• Reveal locally perceived livelihood vulnerabilities to the impacts of climate change and variability, and interactions with exacerbating socioeconomic factors, with a particular focus on risks to water for agriculture;
  • Establish local priorities and existing livelihood coping strategies of rural households to manage water for agriculture;
  • Identify perceived effectiveness of groundwater supply and use in the communities, particularly for agricultural irrigation.
  • Examine the existing governance arrangements for groundwater distribution and access.

This upcoming fieldwork will be conducted by the BRACED team through their local partner, ODE

Un atelier de formation (20 juillet) a été organisé par le Dr Galiné Yanon et le Dr Narcisse Gahi de BRAVE avec des membres du projet BRACED pour former les membres du Bureau de développement des églises évangéliques (ODE) sur les techniques de collecte de données et pour partager les approches de BRAVE la gestion des ressources. L’objectif de la formation était de préparer l’équipe BRECED-ODE pour la collecte prochaine de données sur le sol sur les ressources en eau, en particulier les eaux souterraines dans deux communautés: Souri et La-Toden.

Le travail sur le terrain évaluera la vulnérabilité des ménages dans les communautés BRACED ciblées en ce qui concerne l’insécurité de l’eau pour l’agriculture. À la suite de cette formation, les travaux en cours porteront sur le rôle que joue l’accessibilité des eaux souterraines dans le développement agricole, la réduction de la pauvreté et la sécurité alimentaire. Ce travail vise à:

  • Révéler les vulnérabilités de moyens de subsistance perçus localement aux impacts du changement et de la variabilité du climat et des interactions avec des facteurs socio-économiques exacerbants, en mettant l’accent sur les risques pour l’eau pour l’agriculture;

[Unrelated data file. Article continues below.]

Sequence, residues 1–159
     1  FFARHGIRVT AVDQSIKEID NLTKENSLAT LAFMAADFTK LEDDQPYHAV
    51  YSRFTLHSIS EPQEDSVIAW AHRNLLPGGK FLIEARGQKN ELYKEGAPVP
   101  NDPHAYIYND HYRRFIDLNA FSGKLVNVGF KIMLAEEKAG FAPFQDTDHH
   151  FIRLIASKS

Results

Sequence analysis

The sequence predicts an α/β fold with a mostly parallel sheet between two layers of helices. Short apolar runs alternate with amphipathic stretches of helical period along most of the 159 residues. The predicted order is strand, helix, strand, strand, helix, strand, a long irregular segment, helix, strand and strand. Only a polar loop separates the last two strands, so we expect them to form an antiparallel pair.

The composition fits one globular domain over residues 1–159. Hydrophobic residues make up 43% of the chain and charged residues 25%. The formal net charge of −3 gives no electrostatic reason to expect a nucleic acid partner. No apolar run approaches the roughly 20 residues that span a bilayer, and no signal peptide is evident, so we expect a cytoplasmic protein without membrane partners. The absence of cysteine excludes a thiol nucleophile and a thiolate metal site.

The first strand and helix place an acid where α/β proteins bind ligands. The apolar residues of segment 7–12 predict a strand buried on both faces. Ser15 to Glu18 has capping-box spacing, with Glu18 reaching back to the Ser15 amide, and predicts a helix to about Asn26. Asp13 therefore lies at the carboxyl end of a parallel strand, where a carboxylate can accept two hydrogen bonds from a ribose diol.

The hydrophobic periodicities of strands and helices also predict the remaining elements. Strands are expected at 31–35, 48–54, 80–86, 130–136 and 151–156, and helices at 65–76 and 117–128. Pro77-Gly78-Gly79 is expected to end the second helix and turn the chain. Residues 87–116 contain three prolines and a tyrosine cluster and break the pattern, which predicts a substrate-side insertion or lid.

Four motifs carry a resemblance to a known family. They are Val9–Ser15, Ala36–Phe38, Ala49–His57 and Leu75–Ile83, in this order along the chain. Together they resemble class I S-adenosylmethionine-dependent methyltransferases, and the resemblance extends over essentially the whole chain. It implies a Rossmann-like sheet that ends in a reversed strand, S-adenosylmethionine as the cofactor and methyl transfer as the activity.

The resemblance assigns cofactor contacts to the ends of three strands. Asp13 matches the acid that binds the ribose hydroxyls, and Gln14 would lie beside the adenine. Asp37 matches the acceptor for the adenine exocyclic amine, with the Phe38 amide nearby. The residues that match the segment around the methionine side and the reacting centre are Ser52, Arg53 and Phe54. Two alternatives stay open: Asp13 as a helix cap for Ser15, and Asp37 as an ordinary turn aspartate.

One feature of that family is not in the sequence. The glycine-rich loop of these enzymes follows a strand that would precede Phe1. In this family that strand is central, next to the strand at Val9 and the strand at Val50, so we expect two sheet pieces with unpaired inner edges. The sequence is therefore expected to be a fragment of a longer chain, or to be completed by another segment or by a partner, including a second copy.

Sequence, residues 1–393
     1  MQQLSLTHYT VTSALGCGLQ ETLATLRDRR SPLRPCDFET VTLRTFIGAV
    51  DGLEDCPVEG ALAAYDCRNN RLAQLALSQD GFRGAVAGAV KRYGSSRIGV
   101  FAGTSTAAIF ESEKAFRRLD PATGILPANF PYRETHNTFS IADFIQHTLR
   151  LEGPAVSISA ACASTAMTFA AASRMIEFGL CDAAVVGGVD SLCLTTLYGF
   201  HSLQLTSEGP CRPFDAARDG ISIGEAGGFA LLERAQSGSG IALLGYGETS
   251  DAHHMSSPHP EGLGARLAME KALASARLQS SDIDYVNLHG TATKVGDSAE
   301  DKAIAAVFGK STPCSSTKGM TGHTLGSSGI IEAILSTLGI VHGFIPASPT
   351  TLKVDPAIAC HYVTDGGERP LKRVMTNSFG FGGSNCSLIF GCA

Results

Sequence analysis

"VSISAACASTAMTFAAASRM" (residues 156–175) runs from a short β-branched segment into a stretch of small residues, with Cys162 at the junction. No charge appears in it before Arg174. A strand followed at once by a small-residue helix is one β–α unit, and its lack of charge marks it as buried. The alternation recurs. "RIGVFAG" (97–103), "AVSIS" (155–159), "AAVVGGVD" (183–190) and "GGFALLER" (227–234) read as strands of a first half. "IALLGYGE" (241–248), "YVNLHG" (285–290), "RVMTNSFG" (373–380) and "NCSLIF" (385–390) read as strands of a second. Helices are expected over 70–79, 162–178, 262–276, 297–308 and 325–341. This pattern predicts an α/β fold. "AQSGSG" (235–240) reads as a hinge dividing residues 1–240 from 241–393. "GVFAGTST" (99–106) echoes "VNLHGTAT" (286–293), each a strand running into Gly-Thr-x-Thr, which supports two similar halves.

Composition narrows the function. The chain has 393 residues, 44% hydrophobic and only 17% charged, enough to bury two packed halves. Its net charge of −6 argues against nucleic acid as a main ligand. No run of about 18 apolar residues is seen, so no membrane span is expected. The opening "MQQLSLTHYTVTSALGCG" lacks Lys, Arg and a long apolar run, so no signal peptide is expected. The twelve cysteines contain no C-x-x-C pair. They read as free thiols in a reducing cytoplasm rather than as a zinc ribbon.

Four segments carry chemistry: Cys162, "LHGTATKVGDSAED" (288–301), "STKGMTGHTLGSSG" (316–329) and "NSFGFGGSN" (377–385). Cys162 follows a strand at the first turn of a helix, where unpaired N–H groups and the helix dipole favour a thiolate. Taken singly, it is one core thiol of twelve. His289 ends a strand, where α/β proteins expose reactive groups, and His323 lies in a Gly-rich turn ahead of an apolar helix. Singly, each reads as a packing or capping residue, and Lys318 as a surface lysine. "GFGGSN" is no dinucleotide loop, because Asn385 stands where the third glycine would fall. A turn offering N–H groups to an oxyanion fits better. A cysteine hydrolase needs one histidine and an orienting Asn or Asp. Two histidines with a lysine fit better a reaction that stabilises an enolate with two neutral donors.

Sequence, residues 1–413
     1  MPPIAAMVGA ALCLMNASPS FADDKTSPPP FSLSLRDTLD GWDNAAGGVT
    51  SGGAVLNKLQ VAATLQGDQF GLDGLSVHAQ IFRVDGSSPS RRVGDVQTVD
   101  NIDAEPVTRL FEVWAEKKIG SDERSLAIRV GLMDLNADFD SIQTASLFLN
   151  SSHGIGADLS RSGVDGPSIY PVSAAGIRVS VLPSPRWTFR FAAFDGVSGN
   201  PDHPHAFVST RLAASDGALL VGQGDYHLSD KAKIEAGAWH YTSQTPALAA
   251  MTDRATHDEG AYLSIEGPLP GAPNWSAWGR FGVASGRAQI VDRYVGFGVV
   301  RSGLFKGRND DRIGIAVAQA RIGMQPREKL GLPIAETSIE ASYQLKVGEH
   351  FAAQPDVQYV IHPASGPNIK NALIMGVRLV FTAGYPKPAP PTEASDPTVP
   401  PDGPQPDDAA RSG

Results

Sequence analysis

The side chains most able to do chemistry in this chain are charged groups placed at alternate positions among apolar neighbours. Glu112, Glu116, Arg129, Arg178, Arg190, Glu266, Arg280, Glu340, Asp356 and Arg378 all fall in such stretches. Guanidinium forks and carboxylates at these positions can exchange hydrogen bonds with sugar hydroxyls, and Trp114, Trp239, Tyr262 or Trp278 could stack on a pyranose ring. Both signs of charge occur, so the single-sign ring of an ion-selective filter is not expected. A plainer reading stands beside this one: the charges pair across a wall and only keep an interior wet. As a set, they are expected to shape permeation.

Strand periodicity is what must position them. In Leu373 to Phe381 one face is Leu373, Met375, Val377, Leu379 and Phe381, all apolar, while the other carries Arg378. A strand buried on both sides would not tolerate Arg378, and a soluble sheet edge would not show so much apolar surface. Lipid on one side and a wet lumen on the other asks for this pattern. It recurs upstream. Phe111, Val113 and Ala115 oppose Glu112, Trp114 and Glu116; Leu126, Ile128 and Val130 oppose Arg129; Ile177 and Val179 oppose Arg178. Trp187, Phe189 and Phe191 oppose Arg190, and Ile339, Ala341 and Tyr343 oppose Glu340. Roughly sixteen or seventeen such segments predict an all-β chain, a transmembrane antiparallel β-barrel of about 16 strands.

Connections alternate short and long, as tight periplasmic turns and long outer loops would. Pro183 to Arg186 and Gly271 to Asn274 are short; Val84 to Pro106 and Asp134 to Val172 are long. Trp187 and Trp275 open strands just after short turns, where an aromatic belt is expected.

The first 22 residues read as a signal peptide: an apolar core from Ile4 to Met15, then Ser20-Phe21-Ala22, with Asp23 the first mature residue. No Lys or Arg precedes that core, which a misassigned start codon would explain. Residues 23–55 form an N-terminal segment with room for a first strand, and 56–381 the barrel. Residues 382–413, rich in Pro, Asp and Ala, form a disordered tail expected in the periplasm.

• Établir les priorités locales et les stratégies actuelles d’adaptation des moyens de subsistance des ménages ruraux pour gérer l’eau pour l’agriculture;
  • Identifier l’efficacité perçue de l’approvisionnement et de l’utilisation des eaux souterraines dans les communautés, en particulier pour l’irrigation agricole.
  • Examiner les mécanismes de gouvernance existants pour la distribution et l’accès des eaux souterraines.

Ce travail de terrain à venir sera effectué par l’équipe BRACED à travers leur partenaire local, ODE

Africa Groundwater Atlas – your opinion / votre avis

Dear colleagues / Chers/Chères collègues (texte en français ci-dessous)

Some of you may already have seen and used the Africa Groundwater Atlas. This is a new online resource with groundwater information for all African countries. It is linked to the Africa Groundwater Literature Archive – an expanding online repository of documents on groundwater in Africa.

As part of the research programme UPGro, the British Geological Survey (BGS) are now developing the Atlas further, expanding and improving the content, and translating many pages into French. We are also aiming to make it more relevant by connecting the hydrogeology information it already contains to the practical needs of people working with groundwater in Africa.

We are also looking for feedback on the Atlas. We’d be really grateful if you could find time to answer a short questionnaire, which can be found at these web links